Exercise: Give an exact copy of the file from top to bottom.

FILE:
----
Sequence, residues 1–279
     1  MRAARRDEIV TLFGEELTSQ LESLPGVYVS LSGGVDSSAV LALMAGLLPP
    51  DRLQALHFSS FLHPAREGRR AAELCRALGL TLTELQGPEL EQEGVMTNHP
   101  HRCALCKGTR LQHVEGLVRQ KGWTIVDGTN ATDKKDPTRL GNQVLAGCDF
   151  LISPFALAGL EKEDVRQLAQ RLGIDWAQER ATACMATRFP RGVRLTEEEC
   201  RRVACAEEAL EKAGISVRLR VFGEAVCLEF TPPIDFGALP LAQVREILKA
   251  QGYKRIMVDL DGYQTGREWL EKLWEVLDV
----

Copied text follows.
Sequence, residues 1–279
     1  MRAARRDEIV TLFGEELTSQ LESLPGVYVS LSGGVDSSAV LALMAGLLPP
    51  DRLQALHFSS FLHPAREGRR AAELCRALGL TLTELQGPEL EQEGVMTNHP
   101  HRCALCKGTR LQHVEGLVRQ KGWTIVDGTN ATDKKDPTRL GNQVLAGCDF
   151  LISPFALAGL EKEDVRQLAQ RLGIDWAQER ATACMATRFP RGVRLTEEEC
   201  RRVACAEEAL EKAGISVRLR VFGEAVCLEF TPPIDFGALP LAQVREILKA
   251  QGYKRIMVDL DGYQTGREWL EKLWEVLDV